open import 1Lab.Prelude open import Algebra.Semigroup module Algebra.Monoid where

# Monoidsπ

A **monoid** is a semigroup equipped with a *two-sided identity* element: An element $e \in M$ such that $e \star x = x = x \star e$. For any particular choice of binary operator $\star$, if a two-sided identity exists, then it is unique; In this sense, βbeing a monoidβ could be considered an βaxiomβ that semigroups may satisfy.

However, since semigroup homomorphisms do not automatically preserve the identity element^{1}, it is part of the type signature for is-monoid, being considered *structure* that a semigroup may be equipped with.

record is-monoid (id : A) (_β_ : A β A β A) : Type (level-of A) where field has-is-semigroup : is-semigroup _β_ open is-semigroup has-is-semigroup public field idl : {x : A} β id β x β‘ x idr : {x : A} β x β id β‘ x open is-monoid public

The condition of $(A, 0, \star)$ defining a monoid is a proposition, so that we may safely decompose monoids as the *structure* $(0, \star)$, which has to satisfy the *property* of being a monoid.

private unquoteDecl eqv = declare-record-iso eqv (quote is-monoid) instance H-Level-is-monoid : β {id : A} {_β_ : A β A β A} {n} β H-Level (is-monoid id _β_) (suc n) H-Level-is-monoid = prop-instance Ξ» x β let open is-monoid x in is-hlevelβ 1 (IsoβEquiv eqv eβ»ΒΉ) (hlevel 1) x

A monoid structure on a type is given by the choice of identity element, the choice of binary operation, and the witness that these choices form a monoid. A Monoid, then, is a type with a monoid structure.

record Monoid-on (A : Type β) : Type β where field identity : A _β_ : A β A β A has-is-monoid : is-monoid identity _β_ open is-monoid has-is-monoid public Monoid : (β : Level) β Type (lsuc β) Monoid β = Ξ£ (Monoid-on {β = β}) open Monoid-on

There is also a predicate which witnesses when an equivalence between monoids is a monoid homomorphism. It has to preserve the identity, and commute with the multiplication:

record Monoid-hom (A B : Ξ£ (Monoid-on {β = β})) (e : A .fst β B .fst) : Type β where private module A = Monoid-on (A .snd) module B = Monoid-on (B .snd) field pres-id : e A.identity β‘ B.identity pres-β : (x y : A .fst) β e (x A.β y) β‘ e x B.β e y open Monoid-hom Monoidβ : (A B : Ξ£ (Monoid-on {β = β})) (e : A .fst β B .fst) β Type _ Monoidβ A B (e , _) = Monoid-hom A B e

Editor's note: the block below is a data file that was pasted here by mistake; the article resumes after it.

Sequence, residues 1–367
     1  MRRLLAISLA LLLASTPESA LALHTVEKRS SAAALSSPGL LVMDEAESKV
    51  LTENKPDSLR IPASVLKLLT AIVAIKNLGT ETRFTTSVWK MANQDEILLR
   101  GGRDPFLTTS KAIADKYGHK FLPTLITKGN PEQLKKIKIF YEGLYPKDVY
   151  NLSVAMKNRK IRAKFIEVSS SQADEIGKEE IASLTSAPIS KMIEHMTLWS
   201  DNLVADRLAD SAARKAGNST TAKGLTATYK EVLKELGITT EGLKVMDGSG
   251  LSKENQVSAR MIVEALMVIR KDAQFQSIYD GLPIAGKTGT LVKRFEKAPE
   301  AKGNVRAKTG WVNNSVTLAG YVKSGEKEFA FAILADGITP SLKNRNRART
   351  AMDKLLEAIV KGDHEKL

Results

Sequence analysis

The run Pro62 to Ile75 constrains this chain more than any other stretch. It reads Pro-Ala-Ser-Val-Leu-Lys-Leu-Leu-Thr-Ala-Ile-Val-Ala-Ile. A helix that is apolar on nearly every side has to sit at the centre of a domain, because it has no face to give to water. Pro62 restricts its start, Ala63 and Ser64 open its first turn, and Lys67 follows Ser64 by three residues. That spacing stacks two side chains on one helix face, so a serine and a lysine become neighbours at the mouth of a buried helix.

We automatically derive a proof that Monoid-on is univalent for the structure induced by Monoidβ:

Monoid-univalent : is-univalent {β = β} (HomTβStr Monoidβ) Monoid-univalent {β = β} = Derive-univalent-record (record-desc (Monoid-on {β = β}) Monoidβ (record: field[ identity by pres-id ] field[ _β_ by pres-β ] axiom[ has-is-monoid by (Ξ» _ β hlevel 1) ]))

From this, we automatically get a specialisation of the SIP for Monoids, which says that *identification of monoids is monoid isomorphism*.

Monoidβ‘ : {A B : Monoid β} β (A β[ HomTβStr Monoidβ ] B) β (A β‘ B) Monoidβ‘ = SIP Monoid-univalent

# Relationships to Unital Magmasπ

open import Algebra.Magma.Unital

By definition, every monoid is exactly a unital magma that is also a semigroup. However, adopting this as a definition yields several issues especially when it comes to metaprogramming, which is why this is instead expressed by explicitly proving the implications between the properties.

First, we show that every monoid is a unital magma:

module _ {id : A} {_β_ : A β A β A} where is-monoidβis-unital-magma : is-monoid id _β_ β is-unital-magma id _β_ is-monoidβis-unital-magma mon .has-is-magma = mon .has-is-semigroup .has-is-magma is-monoidβis-unital-magma mon .idl = mon .idl is-monoidβis-unital-magma mon .idr = mon .idr

βReshufflingβ the record fields also allows us to show the reverse direction, namely, that every unital semigroup is a monoid.

is-unital-magmaβis-semigroupβis-monoid : is-unital-magma id _β_ β is-semigroup _β_ β is-monoid id _β_ is-unital-magmaβis-semigroupβis-monoid uni sem .has-is-semigroup = sem is-unital-magmaβis-semigroupβis-monoid uni sem .idl = uni .idl is-unital-magmaβis-semigroupβis-monoid uni sem .idr = uni .idr

# Inversesπ

A useful application of the monoid laws is in showing that *having an inverse* is a

*proprety*of a specific element, not structure on that element. To make this precise: Let $e$ be an element of a monoid, say $(M, 1, \star)$; If there are $x$ and $y$ such that $x \star e = 1$ and $e \star y = 1$, then $x = y$.

monoid-inverse-unique : β {1M : A} {_β_ : A β A β A} β (m : is-monoid 1M _β_) β (e x y : A) β (x β e β‘ 1M) β (e β y β‘ 1M) β x β‘ y

This is a happy theorem where stating the assumptions takes as many lines as the proof, which is a rather boring calculation. Since $1$ is an identity for $\star$, we can freely multiply by $1$ to βsneak inβ a $y$:

monoid-inverse-unique {1M = 1M} {_β_} m e x y li1 ri2 = x β‘β¨ sym (m .idr) β©β‘ x β 1M β‘β¨ apβ _β_ refl (sym ri2) β©β‘ x β (e β y) β‘β¨ m .associative β©β‘ (x β e) β y β‘β¨ apβ _β_ li1 refl β©β‘ 1M β y β‘β¨ m .idl β©β‘ y β

Counterexample: The map $f : (\bb{Z}, *) \to (\bb{Z}, *)$ which sends everything to zero is a semigroup homomorphism, but does not preserve the unit of $(\bb{Z}, *)$.β©οΈ